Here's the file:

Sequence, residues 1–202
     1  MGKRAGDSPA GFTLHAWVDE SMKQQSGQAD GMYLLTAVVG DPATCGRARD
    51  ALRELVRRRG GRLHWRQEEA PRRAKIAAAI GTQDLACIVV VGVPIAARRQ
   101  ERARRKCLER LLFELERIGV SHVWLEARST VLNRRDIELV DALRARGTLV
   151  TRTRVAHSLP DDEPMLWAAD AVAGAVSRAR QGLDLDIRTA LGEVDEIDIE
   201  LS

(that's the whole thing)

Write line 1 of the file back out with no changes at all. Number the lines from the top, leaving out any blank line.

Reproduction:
Sequence, residues 1–202